Sometimes it seems that every moment of modern life is captured on video. From amusing clips posted on YouTube, to surveillance cameras that can record a criminal act in progress, to police dash-cams that can show misconduct or incidents that can lead to protests, convictions, or changes in policy.
Given the powerful impact that a video can have, from laughter to disgust to shock to clarity, it’s no surprise that video now plays an increasingly prominent role in many personal injury cases. Showing a jury a short video that supports or undermines a claim, that demonstrates a complex or abstract concept, or that shows the impact that an injury has had on a victim can have a dramatic effect on the outcome of a personal injury case.
The three most common ways video is used in personal injury lawsuits are:
- Videos Made Specifically for Trial
Witness testimony about how much an injury has effected a plaintiff’s day-to-day life or how much pain the plaintiff is experiencing can be crucial to obtaining the damages sought. But in the end, they are just words; even with all the medical records and testimony on earth describing physical or emotional pain, a jury will still have to fill in the blanks in their minds about the real impact of the injury.
Compare that to a video shot showing how hard it is for the plaintiff to walk or to hug their child, or the struggle involved just to get into a car or out of bed.
Plaintiff’s will often produce such “day-in-the-life” videos to powerfully, clearly, and simply convey the realities of how the defendant’s conduct upended the plaintiff’s world, making the jury fully understand in ways that they can relate to why the plaintiff should be compensated for such losses.
Similarly, a video may be created for a wrongful death lawsuit to show details about the victim’s life in an attempt to humanize and put a face on the devastating loss that their family has suffered.
- Videos Used for Impeachment
Before almost any witness takes the stand at a personal injury trial, they will have already had their deposition taken, with attorneys asking them questions under oath about their knowledge of the incident or injury in question. Depositions are always transcribed by a court reporter, but sometimes they are videotaped as well.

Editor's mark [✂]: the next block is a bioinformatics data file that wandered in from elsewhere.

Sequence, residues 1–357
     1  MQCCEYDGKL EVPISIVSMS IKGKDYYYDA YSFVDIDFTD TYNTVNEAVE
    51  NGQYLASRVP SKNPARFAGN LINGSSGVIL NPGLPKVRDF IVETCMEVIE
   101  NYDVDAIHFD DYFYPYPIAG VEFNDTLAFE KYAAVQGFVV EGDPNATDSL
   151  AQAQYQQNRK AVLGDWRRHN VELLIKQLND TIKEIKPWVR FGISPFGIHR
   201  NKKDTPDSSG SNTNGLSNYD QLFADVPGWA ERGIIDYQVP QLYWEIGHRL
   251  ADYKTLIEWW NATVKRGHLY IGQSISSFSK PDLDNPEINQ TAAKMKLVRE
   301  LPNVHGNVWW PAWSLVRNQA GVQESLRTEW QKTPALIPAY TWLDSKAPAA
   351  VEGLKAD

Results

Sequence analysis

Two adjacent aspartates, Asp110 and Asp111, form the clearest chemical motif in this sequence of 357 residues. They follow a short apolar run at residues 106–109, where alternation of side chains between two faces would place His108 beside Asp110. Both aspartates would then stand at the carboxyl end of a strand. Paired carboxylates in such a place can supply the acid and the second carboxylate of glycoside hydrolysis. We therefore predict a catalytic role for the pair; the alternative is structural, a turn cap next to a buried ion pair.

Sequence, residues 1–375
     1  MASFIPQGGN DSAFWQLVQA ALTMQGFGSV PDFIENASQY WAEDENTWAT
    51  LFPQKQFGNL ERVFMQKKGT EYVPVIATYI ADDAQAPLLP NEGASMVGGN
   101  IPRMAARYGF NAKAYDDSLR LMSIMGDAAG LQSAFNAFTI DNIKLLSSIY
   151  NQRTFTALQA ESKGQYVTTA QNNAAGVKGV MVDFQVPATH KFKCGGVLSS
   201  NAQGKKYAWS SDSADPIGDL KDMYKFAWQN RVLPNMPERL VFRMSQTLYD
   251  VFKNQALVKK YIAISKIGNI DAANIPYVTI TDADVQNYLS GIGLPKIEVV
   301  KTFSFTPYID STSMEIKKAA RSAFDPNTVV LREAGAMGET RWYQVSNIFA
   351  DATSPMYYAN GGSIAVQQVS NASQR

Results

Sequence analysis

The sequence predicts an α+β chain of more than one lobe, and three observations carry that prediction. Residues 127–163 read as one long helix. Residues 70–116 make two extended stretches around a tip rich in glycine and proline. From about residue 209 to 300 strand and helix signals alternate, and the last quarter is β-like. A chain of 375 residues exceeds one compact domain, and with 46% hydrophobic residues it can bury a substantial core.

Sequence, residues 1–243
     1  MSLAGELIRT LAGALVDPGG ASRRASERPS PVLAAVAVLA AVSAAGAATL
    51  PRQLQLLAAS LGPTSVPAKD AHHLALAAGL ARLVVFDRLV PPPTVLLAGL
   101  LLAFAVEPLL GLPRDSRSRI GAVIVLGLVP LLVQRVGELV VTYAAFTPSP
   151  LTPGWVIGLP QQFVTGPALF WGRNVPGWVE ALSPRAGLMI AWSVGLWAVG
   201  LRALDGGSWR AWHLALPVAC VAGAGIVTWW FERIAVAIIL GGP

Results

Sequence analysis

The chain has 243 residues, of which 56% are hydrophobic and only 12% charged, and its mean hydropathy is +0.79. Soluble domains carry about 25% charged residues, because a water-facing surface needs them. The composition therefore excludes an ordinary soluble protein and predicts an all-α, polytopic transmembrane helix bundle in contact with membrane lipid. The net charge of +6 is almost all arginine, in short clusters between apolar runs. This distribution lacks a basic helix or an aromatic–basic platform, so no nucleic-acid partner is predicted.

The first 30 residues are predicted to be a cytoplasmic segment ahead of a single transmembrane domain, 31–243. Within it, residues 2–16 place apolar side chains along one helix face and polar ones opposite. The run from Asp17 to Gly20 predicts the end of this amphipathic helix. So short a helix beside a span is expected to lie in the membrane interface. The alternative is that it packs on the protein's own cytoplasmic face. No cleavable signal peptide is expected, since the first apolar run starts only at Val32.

If, for example, a witness for the defense testifies at trial that a traffic light was green, but said at their deposition that the light was red, an attorney cross-examining the witness may “impeach” them with their contradictory deposition testimony, undermining their credibility.
If there is no video of the deposition, the attorney will use and read from the written transcript to impeach the witness. But an attorney reading back pages of testimony that the witness said months ago is simply less compelling that seeing a video of the contradictory testimony coming out of the witness’ mouth minutes after saying the opposite in court.
- Surveillance Videos
What video can giveth a plaintiff, it can also taketh away. A plaintiff who is claiming that they have suffered debilitating injuries that limit their mobility or ability to function day-to-day may find themselves unknowingly under the watchful video eye of insurance companies and defense attorneys who have hired investigators to conduct surveillance in the hope of obtaining evidence that will contradict the plaintiff’s claims.
If, for example, a plaintiff who is claiming that they are in constant pain and can barely move is caught on a video dancing the night away or lifting heavy boxes, that video can be shown at trial with catastrophic effect on the plaintiff’s ability to obtain compensation.
At Greening Law, P.C., the strategic use of video at trial is just one of the many ways we provide aggressive, compassionate and experienced representation for personal injury victims in Dallas and throughout Texas. Please give us a call at (972) 934-8900 or fill out our online form to arrange for your free initial consultation.